MaryLynn Malone .... intern (as Marylynn Malone)
Ilana McAllister .... first assistant accountant
Gary Miller .... chef
Matt Mosley .... office intern: New York
Dylan Mulick .... office intern: New York
Henry Oshell .... second assistant (as Henry R. Ochel Jr.)
James Pagel .... medic (as Jim Pagel)
Monica Perez Gelbman .... post-production accountant
Sabrina Rehnke .... intern
Lynne Robertson .... craft service
Aaron Rosenbloom .... set production assistant
Bryan Saunders .... set production assistant (as Bryan 'Boo' Saunders)
Nicole Sherwin .... intern
A. Rochell Smith .... additional set production assistant (as Rochell Smith)
Justine Spicer .... additional set production assistant (as Justin Spicer)
Spooky Stevens .... unit publicist
Sharon Vise .... production accountant
Angelica Vogt .... intern
Rachel Young .... office production assistant (as M. Rachel Young)
MaryLynn Malone .... set medic (uncredited)
Kirk Tedeski .... video effects supervisor (uncredited)
Crew believed to be complete

Production CompaniesDistributorsSpecial Effects
  • RhinoFX (visual effects) (as Rhinofx, New York City)
Other Companies

Additional Details

Also Known As:
Rated R for language
128 min
Aspect Ratio:
1.85 : 1 See more »
Sound Mix:

Did You Know?

Chris Cooper and David Clennon would later appear in another politically charged movie, Syriana (2005).See more »
Continuity: When Danny is talking to Maddy (towards the end of the scene at the back of her house), she appears to be wearing a jacket when shot from the front and a vest top when shot from behind.See more »
[first lines]
Ad Spokesman:Richard Pilager cares about Colorado.
See more »
Movie Connections:
References All the President's Men (1976)See more »
JuarezSee more »


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34 out of 39 people found the following review useful.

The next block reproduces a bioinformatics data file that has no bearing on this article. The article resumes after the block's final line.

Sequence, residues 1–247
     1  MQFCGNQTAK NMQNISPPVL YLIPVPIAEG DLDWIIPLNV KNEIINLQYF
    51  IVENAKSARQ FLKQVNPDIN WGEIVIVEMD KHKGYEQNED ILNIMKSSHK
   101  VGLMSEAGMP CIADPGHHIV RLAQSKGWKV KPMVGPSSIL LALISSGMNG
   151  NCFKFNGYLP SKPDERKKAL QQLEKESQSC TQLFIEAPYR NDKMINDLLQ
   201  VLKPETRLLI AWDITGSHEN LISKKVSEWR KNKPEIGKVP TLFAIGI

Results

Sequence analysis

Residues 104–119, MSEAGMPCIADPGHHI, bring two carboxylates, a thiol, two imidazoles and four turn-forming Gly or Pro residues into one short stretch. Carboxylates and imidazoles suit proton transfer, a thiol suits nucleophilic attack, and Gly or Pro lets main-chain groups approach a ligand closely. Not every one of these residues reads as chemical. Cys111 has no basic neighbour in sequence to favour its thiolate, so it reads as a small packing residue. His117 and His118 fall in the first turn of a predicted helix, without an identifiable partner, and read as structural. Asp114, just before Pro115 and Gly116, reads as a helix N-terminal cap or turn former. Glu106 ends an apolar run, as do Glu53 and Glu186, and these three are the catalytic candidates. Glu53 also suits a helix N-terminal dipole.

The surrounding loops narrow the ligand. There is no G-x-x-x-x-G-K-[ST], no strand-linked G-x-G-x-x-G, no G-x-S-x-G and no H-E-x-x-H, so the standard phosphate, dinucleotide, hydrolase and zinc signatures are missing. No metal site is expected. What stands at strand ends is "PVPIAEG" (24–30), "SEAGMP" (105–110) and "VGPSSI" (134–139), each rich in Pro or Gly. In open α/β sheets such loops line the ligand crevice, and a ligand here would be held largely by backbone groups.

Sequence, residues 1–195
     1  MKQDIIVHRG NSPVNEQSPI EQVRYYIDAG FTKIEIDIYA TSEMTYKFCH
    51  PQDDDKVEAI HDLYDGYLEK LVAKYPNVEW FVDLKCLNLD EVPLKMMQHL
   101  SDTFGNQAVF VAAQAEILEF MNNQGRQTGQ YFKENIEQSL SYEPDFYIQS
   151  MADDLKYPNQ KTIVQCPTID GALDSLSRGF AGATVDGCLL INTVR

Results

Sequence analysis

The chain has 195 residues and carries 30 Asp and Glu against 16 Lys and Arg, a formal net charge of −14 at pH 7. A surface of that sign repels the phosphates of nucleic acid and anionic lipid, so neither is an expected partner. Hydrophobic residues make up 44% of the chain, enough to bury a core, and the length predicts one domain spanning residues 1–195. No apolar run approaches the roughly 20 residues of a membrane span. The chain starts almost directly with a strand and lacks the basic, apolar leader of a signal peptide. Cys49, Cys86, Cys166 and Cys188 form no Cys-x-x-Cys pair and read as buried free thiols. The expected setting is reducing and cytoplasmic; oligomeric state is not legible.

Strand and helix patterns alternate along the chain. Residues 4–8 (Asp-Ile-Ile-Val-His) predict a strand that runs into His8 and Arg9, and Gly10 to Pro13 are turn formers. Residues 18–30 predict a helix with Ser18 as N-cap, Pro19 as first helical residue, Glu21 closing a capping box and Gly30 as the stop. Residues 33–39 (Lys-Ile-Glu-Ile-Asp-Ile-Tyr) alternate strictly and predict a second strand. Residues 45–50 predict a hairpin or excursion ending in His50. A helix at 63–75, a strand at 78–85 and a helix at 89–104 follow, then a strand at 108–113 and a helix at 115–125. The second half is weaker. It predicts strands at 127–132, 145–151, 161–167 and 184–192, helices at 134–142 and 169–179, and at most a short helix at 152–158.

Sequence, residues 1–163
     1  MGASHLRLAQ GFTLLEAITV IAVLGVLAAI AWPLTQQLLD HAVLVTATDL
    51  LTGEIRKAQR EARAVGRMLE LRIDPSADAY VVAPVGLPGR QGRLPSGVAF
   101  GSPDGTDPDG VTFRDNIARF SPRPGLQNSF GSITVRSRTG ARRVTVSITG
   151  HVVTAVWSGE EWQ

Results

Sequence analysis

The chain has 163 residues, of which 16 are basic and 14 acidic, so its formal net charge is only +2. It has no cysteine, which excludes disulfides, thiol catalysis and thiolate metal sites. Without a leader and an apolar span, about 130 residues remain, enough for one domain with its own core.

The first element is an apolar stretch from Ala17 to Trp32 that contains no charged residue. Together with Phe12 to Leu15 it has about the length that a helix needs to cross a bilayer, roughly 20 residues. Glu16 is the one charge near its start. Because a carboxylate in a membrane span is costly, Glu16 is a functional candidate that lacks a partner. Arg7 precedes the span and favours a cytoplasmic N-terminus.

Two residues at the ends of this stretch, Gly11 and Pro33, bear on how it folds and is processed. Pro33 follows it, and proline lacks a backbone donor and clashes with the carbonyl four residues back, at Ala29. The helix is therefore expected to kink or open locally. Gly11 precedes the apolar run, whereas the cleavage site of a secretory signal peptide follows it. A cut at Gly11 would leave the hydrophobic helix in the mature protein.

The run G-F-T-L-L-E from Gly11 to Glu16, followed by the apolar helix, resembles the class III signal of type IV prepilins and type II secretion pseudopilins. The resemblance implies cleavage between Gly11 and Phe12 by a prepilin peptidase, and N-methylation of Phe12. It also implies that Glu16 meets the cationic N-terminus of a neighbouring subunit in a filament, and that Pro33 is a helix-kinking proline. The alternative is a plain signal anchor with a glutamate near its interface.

Not Sayles' best, but still worth seeing, 29 September 2004
Author: anhedonia from Planet Earth

Dickie Pilager is running for governor of Colorado. He's a good-looking frat boy with a dubious past that includes at least one drunken-driving charge. But he comes from a politically influential family and his daddy's a powerful U.S. senator. Dickie, however, lacks panache. He can't put together a simple sentence without stumbling. He's terrible when he's unscripted, cannot function without a teleprompter, doesn't have a clue what he's talking about, reduces policies to simple catch-phrases, but the wealthy contribute generously to his campaign and he's awfully "user-friendly" to big business. As one character in "Silver City" points out, Dickie sounds gubernatorial on TV when the sound's muted. Sound familiar?

In "Silver City," writer/editor/director John Sayles rolls a "Chinatown"-esque murder mystery, cynical political commentary and pointed observations about contemporary media into one film that succeeds more often than not. There are moments when I got the impression Sayles was trying too hard to drive home his point about Dickie's incompetence. As fun as it might have been to mock Dickie, he's too easy a target. The greasy players around Dickie - for instance, his handler Chuck Raven (played with smarmy charm by Richard Dreyfuss) - are far more interesting. Where "Silver City" crackles is in its distrust of our political system, the influence of slimy corporate types on candidates and ineptitude of the media.